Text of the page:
Nearly two years after its attempted initial public offering of shares disintegrated, WeWork is going public in a merger with a special-purpose acquisition company.
WeWork is merging with BowX Acquisition, a SPAC, in a transaction that would value the embattled communal office-space company at $9 billion plus debt, the companies said in a joint statement Friday.
That is far below the $47 billion valuation given the New York venture in September 2019 when WeWork's IPO imploded after massive losses were revealed in regulatory filings.
WeWork said it would also raise $1.3 billion. The listing plan was first reported by the Wall Street Journal.
The company said during a call with industry analysts Friday that it anticipates strong growth as the economy recovers. WeWork anticipates 1.5 million total memberships at some point in 2024. That compares with 2020's 476,000 memberships. Revenue, excluding ChinaCo, is predicted to climb to $7 billion, more than double last year's revenue.
WeWork leases buildings and divides them into office spaces to sublet to members, which include small businesses, start-ups and freelancers who want to avoid laying out funds for permanent office space. The company's operating expenses were exorbitant and it became reliant on repeated cash infusions from private investors.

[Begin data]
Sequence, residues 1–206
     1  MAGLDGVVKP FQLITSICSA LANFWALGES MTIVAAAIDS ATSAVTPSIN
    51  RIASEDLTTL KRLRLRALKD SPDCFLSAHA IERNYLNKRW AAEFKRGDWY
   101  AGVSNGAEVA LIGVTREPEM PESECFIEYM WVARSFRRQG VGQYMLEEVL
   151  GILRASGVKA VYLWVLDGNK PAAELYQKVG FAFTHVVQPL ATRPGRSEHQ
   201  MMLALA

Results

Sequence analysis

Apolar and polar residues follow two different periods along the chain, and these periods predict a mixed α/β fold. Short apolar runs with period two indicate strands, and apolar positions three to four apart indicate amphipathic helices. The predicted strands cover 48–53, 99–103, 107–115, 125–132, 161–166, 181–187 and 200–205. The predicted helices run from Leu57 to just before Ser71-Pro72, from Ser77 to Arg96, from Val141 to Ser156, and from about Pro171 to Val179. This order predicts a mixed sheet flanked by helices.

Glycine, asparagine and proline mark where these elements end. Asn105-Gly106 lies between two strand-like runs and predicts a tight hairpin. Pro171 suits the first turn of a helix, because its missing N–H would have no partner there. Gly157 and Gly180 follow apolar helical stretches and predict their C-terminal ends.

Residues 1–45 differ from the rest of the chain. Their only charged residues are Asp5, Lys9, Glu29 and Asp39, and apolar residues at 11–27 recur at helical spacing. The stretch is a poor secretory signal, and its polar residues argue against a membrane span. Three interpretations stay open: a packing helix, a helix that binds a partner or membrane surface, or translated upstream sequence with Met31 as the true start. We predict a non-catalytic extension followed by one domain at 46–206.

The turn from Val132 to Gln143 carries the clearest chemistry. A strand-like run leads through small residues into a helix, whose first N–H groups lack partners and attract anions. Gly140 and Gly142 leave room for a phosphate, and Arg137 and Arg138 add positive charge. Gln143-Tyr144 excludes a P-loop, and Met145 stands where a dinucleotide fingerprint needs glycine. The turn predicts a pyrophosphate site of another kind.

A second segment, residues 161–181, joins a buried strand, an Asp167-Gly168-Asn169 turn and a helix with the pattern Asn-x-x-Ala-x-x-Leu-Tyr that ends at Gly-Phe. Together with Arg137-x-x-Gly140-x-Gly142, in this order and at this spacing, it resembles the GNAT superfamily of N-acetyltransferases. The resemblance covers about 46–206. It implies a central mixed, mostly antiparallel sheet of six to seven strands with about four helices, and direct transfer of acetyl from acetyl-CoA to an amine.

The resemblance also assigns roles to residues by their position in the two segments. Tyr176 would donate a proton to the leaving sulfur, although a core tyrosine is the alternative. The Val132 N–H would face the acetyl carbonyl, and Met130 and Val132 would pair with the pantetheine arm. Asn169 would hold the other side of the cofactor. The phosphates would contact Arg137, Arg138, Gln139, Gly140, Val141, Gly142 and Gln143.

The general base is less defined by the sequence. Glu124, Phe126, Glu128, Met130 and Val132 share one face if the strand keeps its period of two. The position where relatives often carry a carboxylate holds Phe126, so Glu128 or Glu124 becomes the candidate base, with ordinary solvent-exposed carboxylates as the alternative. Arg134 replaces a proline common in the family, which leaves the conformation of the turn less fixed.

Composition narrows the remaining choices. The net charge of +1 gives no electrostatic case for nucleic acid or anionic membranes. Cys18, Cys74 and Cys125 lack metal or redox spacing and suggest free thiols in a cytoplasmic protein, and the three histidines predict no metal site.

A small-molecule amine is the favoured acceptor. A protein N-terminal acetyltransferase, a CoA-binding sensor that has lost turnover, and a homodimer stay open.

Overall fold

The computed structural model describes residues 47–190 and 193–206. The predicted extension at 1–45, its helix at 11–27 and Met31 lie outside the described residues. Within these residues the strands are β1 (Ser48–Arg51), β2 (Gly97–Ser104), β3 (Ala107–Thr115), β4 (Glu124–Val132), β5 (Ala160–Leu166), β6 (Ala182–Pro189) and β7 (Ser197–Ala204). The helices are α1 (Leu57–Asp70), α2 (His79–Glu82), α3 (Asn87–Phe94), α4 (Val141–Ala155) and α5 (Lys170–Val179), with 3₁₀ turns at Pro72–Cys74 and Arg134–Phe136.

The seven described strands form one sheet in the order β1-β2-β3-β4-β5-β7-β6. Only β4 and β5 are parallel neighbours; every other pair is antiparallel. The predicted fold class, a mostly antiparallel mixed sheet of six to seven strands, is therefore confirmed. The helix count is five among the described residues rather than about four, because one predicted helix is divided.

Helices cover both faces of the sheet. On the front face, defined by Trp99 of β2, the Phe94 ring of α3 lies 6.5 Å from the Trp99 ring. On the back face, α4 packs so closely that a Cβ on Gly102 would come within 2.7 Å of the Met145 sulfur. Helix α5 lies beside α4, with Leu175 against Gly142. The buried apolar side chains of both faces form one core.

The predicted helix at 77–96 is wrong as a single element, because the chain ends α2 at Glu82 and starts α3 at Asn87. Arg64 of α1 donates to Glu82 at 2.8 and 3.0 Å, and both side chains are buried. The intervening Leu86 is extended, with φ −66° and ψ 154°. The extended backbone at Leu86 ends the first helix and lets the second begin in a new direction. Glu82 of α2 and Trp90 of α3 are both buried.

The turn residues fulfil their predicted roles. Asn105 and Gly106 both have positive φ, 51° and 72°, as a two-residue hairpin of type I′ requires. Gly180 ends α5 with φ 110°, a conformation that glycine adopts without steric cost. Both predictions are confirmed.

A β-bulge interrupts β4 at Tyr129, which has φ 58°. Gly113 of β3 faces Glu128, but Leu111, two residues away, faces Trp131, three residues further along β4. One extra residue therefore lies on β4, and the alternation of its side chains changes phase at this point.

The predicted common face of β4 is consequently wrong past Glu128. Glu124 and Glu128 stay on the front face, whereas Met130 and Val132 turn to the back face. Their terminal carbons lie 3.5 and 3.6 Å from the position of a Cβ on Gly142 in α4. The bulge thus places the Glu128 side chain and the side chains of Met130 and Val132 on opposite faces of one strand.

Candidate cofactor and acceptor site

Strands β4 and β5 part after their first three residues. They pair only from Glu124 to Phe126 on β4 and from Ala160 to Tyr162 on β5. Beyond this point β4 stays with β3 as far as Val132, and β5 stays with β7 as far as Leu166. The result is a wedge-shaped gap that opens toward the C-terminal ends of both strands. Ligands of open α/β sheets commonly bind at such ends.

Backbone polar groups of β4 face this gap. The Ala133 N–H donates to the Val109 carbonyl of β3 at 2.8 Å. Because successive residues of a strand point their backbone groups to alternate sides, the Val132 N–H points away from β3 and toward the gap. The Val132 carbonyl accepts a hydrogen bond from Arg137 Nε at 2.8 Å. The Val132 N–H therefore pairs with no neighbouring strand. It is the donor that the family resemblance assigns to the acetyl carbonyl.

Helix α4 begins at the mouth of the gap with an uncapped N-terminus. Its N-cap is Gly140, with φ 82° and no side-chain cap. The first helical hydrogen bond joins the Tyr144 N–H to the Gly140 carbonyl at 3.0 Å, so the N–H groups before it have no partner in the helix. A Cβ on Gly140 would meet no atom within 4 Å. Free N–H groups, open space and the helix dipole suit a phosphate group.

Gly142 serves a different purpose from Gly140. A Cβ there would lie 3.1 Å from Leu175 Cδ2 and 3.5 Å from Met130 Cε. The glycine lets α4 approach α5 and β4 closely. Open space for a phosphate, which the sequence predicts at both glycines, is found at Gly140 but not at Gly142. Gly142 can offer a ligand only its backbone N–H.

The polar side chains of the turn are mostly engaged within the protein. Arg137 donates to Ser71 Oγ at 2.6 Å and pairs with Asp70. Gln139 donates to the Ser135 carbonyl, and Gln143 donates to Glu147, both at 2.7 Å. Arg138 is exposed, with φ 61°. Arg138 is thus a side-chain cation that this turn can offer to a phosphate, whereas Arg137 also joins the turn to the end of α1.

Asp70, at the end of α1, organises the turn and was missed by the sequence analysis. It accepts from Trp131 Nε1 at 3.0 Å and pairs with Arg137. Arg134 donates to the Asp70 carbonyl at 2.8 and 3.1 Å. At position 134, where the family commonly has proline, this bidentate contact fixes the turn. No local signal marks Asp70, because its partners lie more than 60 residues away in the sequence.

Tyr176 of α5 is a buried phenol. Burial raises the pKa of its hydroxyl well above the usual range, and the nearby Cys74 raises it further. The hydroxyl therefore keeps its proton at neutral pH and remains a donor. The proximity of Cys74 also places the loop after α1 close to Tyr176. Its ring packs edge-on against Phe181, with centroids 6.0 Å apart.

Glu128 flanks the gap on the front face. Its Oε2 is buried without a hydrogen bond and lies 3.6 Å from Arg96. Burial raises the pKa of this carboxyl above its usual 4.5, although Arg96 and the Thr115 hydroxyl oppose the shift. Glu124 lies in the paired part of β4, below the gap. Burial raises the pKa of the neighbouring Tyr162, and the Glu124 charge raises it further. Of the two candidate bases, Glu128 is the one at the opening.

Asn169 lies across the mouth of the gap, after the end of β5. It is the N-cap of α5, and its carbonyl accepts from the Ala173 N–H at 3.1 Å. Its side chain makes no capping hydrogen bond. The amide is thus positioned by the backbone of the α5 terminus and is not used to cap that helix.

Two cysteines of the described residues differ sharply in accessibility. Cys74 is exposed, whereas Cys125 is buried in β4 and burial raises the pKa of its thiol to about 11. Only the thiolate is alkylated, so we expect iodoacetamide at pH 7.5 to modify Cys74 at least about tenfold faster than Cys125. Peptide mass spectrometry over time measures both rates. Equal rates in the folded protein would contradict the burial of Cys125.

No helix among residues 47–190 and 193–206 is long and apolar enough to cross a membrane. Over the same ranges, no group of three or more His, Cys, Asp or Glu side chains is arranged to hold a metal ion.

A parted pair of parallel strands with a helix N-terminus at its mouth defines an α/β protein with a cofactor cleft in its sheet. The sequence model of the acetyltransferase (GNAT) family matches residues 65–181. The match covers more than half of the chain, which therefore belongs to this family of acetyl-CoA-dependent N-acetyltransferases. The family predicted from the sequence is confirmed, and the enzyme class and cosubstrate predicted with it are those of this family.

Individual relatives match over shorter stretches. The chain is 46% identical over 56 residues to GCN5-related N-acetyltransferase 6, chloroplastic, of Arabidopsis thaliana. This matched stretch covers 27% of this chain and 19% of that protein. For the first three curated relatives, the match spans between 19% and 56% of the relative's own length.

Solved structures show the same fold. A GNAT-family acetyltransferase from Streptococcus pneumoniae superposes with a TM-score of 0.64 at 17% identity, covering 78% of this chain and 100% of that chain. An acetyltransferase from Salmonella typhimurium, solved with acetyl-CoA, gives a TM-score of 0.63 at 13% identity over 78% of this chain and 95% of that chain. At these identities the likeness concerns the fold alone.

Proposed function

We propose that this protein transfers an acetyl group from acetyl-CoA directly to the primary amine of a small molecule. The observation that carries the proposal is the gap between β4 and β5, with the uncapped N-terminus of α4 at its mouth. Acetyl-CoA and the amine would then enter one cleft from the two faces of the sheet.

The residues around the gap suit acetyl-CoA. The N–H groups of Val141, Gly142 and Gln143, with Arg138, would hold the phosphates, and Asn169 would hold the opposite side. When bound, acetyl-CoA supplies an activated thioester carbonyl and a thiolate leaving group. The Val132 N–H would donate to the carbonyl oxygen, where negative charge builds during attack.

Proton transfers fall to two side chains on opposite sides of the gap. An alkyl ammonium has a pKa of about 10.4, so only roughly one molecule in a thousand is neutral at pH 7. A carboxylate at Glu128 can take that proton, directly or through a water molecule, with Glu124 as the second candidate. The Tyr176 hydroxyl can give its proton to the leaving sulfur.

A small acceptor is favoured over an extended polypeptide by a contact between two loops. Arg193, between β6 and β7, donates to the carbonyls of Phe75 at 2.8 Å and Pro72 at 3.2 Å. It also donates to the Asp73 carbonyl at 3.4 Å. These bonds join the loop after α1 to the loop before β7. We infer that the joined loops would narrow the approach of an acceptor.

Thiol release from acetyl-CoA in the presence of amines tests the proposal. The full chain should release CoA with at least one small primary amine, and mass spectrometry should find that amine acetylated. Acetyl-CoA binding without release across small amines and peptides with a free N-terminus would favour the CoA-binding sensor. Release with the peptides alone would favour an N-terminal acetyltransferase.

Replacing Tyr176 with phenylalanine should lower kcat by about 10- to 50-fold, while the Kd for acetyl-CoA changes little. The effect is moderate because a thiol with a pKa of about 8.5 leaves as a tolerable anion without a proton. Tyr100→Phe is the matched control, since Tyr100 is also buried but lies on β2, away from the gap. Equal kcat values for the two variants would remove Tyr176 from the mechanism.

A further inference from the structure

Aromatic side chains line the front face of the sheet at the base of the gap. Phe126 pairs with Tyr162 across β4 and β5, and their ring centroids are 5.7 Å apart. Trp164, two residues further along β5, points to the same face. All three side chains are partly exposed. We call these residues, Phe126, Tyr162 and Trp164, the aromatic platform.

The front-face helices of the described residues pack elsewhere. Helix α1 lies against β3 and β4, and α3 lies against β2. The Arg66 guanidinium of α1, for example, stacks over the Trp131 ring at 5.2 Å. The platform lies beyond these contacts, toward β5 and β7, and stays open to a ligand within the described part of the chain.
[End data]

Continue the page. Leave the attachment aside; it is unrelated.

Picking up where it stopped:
CEO and founder Adam Neumann, known for erratic behavior as much as for his innovative vision, was pushed aside. He used some of his WeWork stock to secure a $500 million personal loan prior to the IPO. He also drew criticism after The We Company — WeWork’s recently renamed parent — paid him nearly $6 million for the trademark “We.” He returned the money following a backlash.
“WeWork has spent the past year transforming the business and refocusing its core, while simultaneously managing and innovating through a historic downturn," Sandeep Mathrani, who took over as CEO after Neumann's ouster, said in a prepared statement. “As a result, WeWork has emerged as the global leader in flexible space with a value proposition that is stronger than ever."
Neumann co-founded WeWork in 2010 with one shared office in Manhattan. It now has 850 locations in 150 cities around the world.
WeWork's business model may well have better prospects after the coronavirus pandemic than it did before, commercial property experts said.
For starters, there's the typical post-recession surge in new businesses set up by people who lost their jobs, and “the obvious place to start your business nowadays is in a serviced office," said Mat Oakley, head of UK and European commercial research at Savills. There's also the considerable uncertainty around how existing businesses are going to return to the office, combined with employers who find they now need to satisfy their staff’s desire to “work in a more agile fashion,” he said.
Oakley said that while leasing volumes are still low, inquiries for serviced office space have been rising since the start of the year.
“There could be a reasonably optimistic story for serviced office providers going forward," he said.
Kelvin Chan reported from London. Michelle Chapman reported from New Jersey.